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Experts hunt for any Ebola exposure after first case

DALLAS, Oct 1 (Reuters) - Health experts were observing 12 to 18 people who were in contact with the first person to be diagnosed with the deadly Ebola virus in the United States and who was in serious condition in a Texas hospital, officials sai...

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A general view of the Texas Health Presbyterian Hospital in Dallas, Texas September 30, 2014. U.S. health officials said on Tuesday the first patient infected with the deadly Ebola virus had been diagnosed in the country after flying from Liberia to Texas, in a new sign of how the outbreak ravaging West Africa can spread globally. REUTERS/Brandon Wade

DALLAS, Oct 1 (Reuters) - Health experts were observing 12 to 18 people who were in contact with the first person to be diagnosed with the deadly Ebola virus in the United States and who was in serious condition in a Texas hospital, officials said on Wednesday.

The confirmation that a man who flew to Texas from Liberia later fell ill with the hemorrhagic fever put U.S. health officials and the public on alert to take steps to contain the virus, which has killed at least 3,300 people in three impoverished West African countries.

The patient was evaluated initially last Friday and sent home from Texas Health Presbyterian Hospital with antibiotics, a critical missed opportunity that could result in others being exposed to the virus, infectious disease experts said. The man was then admitted to the same hospital on Sunday.

A hospital spokeswoman said on Wednesday that his condition was serious. The man was not identified by the hospital for privacy reasons, but the Associated Press gave his name as Thomas Eric Duncan.

U.S. stocks fell sharply. Airline and hotel company shares dropped over concerns that the spread of Ebola outside of Africa might curtail travel. Drugmakers with experimental Ebola treatments in the pipeline saw their shares rise.

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"People can be confident here in this country that we have the medical infrastructure in place to prevent the broad spread of Ebola," White House spokesman Josh Earnest said on CNN.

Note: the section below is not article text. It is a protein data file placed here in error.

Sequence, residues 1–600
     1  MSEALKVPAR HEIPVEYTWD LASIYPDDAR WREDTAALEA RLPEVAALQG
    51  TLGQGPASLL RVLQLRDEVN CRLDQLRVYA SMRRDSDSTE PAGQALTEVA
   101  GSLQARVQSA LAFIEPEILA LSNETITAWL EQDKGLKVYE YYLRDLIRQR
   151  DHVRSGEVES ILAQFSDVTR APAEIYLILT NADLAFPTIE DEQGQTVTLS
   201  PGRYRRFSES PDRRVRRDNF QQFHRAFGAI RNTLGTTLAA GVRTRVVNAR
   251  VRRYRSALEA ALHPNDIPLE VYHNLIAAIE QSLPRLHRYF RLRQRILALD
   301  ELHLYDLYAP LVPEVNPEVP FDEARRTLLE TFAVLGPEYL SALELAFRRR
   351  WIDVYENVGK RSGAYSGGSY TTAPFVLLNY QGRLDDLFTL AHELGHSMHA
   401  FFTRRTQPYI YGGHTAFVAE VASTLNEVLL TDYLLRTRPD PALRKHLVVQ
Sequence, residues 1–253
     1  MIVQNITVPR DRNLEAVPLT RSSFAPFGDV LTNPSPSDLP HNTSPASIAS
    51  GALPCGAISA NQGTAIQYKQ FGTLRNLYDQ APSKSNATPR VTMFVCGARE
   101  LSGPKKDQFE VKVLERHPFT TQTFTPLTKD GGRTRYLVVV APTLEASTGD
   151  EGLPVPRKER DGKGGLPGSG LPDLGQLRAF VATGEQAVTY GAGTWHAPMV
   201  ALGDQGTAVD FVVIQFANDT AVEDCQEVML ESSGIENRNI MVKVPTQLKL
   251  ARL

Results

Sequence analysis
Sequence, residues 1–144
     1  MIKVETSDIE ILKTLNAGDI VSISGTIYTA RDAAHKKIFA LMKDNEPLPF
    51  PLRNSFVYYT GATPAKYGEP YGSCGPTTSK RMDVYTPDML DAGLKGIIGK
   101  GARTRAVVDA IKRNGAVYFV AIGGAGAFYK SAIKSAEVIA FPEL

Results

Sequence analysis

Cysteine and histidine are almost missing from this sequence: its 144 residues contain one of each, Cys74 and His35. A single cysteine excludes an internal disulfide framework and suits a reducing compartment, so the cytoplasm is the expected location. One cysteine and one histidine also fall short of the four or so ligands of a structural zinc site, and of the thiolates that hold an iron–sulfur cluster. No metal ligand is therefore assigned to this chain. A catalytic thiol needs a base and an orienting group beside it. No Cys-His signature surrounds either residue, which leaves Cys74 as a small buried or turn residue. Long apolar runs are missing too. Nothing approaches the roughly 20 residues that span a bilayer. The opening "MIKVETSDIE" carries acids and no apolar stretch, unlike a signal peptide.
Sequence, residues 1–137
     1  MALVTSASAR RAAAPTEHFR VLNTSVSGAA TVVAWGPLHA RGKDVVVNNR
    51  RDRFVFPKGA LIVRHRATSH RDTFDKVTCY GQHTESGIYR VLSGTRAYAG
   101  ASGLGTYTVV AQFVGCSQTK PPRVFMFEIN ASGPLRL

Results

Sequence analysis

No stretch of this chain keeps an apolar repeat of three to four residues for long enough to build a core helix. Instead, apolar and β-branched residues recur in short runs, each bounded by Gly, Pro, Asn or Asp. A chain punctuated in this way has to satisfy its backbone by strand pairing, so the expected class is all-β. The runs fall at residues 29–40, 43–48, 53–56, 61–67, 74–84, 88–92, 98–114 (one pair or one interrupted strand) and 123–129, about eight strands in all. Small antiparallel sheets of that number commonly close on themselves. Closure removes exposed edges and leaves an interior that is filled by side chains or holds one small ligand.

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U.S. health officials have said they are confident that the virus can be contained in the United States.

"People can be confident here in this country that we have the medical infrastructure in place to prevent the broad spread of Ebola," White House spokesman Josh Earnest said on CNN.

Texas health officials said 12 to 18 people who had been in contact with the patient were being monitored.

They also said health workers who took care of the patient have so far tested negative for the virus and there are no other suspected cases in the state. Texas Governor Rick Perry told a news conference that school-age children have had contact with the Ebola patient but he was confident the virus would be contained.

Anyone who might have had contact with the patient will be closely monitored for the next 21 days, the time it can take for symptoms to appear.

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"We have a seven-person team in Dallas today helping to review that with the family and make sure we identify everyone that could have had contact with him," Dr. Thomas Frieden, director of the U.S. Centers for Disease Control and Prevention (CDC), said in an interview with NBC TV's "Today" show.

Ebola spreads through contact with bodily fluids like blood or saliva, which health experts say limits its potential to infect others, unlike airborne diseases. Still, the long window of time before patients exhibit signs of infection, such as fever, vomiting and diarrhea, means an infected person can travel without detection.

While past outbreaks killed as many as 90 percent of victims, the current epidemic's fatality rate has averaged about 50 percent.

FLIGHT PATH

The patient in the United States arrived in Texas on Sept. 20, and first sought treatment six days later, according to the CDC.

The Liberian government said that the man showed no signs of fever or other symptoms of Ebola when he left Liberia on Sept. 19. A Liberian official said the man traveled through Brussels to the United States.

Several leading U.S. airlines said they were in close contact with federal health officials about Ebola-related travel concerns.

On Wednesday, officials repeated a call to healthcare workers to be vigilant in screening patients in the United States for possible signs of the virus.

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"If you have someone who's been in West Africa in the past 21 days and they've got a fever or other symptoms that might be consistent with Ebola, immediately isolate them, get them tested," Frieden told NBC.

Meanwhile, World Bank President Jim Yong Kim, the first public health expert to lead the institution, said fighting Ebola means confronting inequality, as people in poor countries have less access to knowledge and infrastructure for treating the sick and containing it.

Along with Liberia, Sierra Leone and Guinea have been hit by the outbreak.

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